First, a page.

Freeman chaired the Prime Minister’s Policy Board until his resignation in November 2017. He warned the party not to be defined by “nostalgia, hard Brexit, public sector austerity and lazy privilege”. In September 2018, he called for Prime Minister Theresa May’s resignation once a deal on the UK’s departure from the European Union was secured through Parliament. He said he would stand to be her successor if supported by his party, before ruling out the possibility shortly afterward.


After a number of accidents on the A47 road in his constituency, Freeman campaigned for investment in safety. The road was included in a programme of investment announced in December 2014.

In 2014, he was appointed Minister for Life Sciences at the Department of Health and the Department for Business, Innovation and Skills. The role had not previously existed in any country. Freeman was nicknamed “High Tech Hezza”, after Michael Heseltine whose former office he occupied while minister. During this role, Freeman was criticised by Labour opponents for describing use of prosecutions to enforce the minimum wage as “the politics of envy”. In 2015, he asked the Medicines and Healthcare products Regulatory Agency to establish an enquiry into disabilities caused by hormone pregnancy tests.


Shortly after entering Parliament, Freeman was elected Chair of the All Party Group on Science and Technology in Agriculture. He was appointed Parliamentary Private Secretary to the Minister for Climate Change, Greg Barker MP, in the Coalition Government’s first tranche of appointments. In July 2011, Freeman was appointed Government Life Science Advisor.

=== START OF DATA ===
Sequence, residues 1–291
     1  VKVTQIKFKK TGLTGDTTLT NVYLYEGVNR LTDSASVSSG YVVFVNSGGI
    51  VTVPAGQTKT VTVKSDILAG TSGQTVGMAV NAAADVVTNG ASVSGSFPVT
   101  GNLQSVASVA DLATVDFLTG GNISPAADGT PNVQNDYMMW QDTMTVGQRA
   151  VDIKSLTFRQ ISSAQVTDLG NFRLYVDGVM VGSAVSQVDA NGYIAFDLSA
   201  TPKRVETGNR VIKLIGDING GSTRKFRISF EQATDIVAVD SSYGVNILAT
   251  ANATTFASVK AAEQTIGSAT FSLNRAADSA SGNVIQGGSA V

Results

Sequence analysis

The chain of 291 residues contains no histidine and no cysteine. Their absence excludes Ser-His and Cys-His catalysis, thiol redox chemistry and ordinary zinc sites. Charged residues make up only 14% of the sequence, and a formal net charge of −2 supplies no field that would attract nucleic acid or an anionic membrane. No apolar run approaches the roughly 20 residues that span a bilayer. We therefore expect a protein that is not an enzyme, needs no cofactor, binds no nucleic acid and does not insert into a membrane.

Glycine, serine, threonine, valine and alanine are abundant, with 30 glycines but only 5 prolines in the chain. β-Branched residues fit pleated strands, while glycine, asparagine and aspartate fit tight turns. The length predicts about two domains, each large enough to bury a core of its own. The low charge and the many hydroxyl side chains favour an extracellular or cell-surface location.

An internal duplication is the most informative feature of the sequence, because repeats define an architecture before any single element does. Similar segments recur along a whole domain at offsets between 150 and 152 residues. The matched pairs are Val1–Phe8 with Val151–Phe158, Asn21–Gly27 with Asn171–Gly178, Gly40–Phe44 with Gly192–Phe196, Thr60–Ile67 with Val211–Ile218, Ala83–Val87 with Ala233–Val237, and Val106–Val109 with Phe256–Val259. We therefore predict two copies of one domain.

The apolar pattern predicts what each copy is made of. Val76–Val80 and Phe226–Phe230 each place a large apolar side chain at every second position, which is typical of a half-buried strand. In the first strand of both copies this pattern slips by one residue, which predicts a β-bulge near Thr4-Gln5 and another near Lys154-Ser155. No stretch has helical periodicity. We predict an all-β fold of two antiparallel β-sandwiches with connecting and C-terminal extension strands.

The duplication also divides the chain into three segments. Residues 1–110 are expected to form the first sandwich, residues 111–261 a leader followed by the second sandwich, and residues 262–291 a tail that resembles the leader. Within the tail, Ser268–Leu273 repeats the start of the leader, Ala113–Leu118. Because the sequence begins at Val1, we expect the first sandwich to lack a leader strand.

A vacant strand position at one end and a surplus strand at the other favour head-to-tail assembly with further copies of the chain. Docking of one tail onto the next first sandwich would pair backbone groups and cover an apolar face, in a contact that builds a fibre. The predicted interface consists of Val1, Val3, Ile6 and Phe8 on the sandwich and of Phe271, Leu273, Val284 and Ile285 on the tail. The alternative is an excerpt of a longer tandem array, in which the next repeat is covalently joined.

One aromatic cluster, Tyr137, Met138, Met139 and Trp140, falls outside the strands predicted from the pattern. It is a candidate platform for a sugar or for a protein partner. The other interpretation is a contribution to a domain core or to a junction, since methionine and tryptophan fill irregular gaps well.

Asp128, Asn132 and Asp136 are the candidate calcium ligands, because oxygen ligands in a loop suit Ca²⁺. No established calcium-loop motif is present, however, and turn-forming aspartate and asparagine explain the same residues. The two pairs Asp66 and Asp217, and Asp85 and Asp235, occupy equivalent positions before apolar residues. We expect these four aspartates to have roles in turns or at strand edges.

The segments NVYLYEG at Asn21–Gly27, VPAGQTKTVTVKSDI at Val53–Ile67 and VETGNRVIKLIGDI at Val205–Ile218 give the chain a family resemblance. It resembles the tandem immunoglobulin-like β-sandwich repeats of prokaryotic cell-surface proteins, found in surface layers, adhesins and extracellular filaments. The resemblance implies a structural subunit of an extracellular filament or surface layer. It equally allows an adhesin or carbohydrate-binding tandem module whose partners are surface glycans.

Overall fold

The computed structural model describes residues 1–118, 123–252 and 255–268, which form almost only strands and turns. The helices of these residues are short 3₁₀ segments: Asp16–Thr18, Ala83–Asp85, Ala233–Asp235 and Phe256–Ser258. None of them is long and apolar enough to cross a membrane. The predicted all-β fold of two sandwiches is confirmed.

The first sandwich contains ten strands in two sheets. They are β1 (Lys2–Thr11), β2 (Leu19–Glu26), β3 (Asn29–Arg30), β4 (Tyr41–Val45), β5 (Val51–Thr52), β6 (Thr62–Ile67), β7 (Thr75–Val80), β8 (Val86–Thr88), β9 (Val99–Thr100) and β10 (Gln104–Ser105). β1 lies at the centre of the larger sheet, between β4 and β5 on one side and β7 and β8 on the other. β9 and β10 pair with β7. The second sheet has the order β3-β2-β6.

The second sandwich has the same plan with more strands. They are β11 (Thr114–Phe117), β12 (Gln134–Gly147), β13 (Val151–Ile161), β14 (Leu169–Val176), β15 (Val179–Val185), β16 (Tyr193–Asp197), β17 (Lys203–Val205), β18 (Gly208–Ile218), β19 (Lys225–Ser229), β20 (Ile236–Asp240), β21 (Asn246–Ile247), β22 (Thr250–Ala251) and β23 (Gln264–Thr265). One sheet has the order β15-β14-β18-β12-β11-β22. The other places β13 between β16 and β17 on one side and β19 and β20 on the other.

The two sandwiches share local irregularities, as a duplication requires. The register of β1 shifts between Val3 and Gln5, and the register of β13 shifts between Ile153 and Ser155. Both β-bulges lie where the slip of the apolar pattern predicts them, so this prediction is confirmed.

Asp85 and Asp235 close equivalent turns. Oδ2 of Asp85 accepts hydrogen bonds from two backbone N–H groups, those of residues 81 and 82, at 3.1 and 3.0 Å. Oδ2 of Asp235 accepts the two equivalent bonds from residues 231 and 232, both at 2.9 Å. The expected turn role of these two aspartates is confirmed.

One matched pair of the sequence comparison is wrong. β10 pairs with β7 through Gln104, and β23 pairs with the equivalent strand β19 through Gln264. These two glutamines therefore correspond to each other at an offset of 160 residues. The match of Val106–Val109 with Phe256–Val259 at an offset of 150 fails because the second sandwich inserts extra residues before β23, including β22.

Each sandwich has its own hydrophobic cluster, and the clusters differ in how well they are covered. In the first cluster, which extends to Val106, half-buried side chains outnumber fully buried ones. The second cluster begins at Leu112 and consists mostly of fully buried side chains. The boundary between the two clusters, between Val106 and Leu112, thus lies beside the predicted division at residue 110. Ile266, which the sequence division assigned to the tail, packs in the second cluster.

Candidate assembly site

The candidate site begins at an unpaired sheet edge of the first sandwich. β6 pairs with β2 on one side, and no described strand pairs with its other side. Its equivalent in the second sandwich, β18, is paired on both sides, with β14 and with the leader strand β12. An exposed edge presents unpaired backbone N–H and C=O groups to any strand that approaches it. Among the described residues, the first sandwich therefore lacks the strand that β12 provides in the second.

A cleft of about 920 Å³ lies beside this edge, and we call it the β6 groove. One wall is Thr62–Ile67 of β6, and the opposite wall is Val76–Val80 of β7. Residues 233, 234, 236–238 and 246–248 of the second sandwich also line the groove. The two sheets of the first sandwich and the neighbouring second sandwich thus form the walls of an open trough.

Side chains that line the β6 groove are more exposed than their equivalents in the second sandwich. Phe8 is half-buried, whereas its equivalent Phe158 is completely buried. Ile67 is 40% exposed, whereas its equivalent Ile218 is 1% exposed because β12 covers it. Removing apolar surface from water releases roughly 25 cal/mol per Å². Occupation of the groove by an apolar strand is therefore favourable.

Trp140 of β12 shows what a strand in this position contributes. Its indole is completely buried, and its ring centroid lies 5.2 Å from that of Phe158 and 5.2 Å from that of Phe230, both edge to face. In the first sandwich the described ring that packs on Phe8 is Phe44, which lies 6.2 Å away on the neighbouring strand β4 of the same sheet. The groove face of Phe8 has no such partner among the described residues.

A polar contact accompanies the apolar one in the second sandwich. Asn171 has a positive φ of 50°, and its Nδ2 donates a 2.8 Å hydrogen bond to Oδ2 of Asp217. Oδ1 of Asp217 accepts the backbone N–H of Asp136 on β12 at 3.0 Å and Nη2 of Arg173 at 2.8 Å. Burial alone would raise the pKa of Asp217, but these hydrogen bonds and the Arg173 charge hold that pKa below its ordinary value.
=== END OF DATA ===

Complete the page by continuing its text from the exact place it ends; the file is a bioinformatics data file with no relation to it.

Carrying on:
At a 2011 Boxing Day hunt, he called for a review of the ban on hunting with dogs, calling it “class war against the countryside”. In the same year, he opposed holding a referendum on the UK’s membership of the European Union. In 2013, Freeman opposed the legalisation of same-sex marriage and supported military intervention in Syria.


Freeman was elected in the 2010 general election as MP for Mid Norfolk. The previous incumbent, Keith Simpson, contested the neighbouring Broadland constituency instead.


Freeman stood unsuccessfully in Stevenage at the 2005 general election. He was subsequently added to the Conservative A-List, and was selected for Mid Norfolk in October 2006.


Freeman was married from 1996 to 2016, and has two children.


He counts 19th-century Prime Minister William Ewart Gladstone as his great-great-great-uncle, and Mabel Philipson as his great-aunt. He was educated at Radley College and Girton College, Cambridge, graduating with a Geography degree in 1989.


George William Freeman (born 12 July 1967) is a British Conservative Party politician who has served as the Member of Parliament (MP) for Mid Norfolk since 2010.

Freeman was born on 12 July 1967 to jockey Arthur Freeman and Joanna Stockbridge. His parents divorced soon after he was born, and he had no contact with his father until he reached adulthood, growing up as a ward of court. Freeman would later buy at auction the trophy his father received as winner of the 1958 Grand National.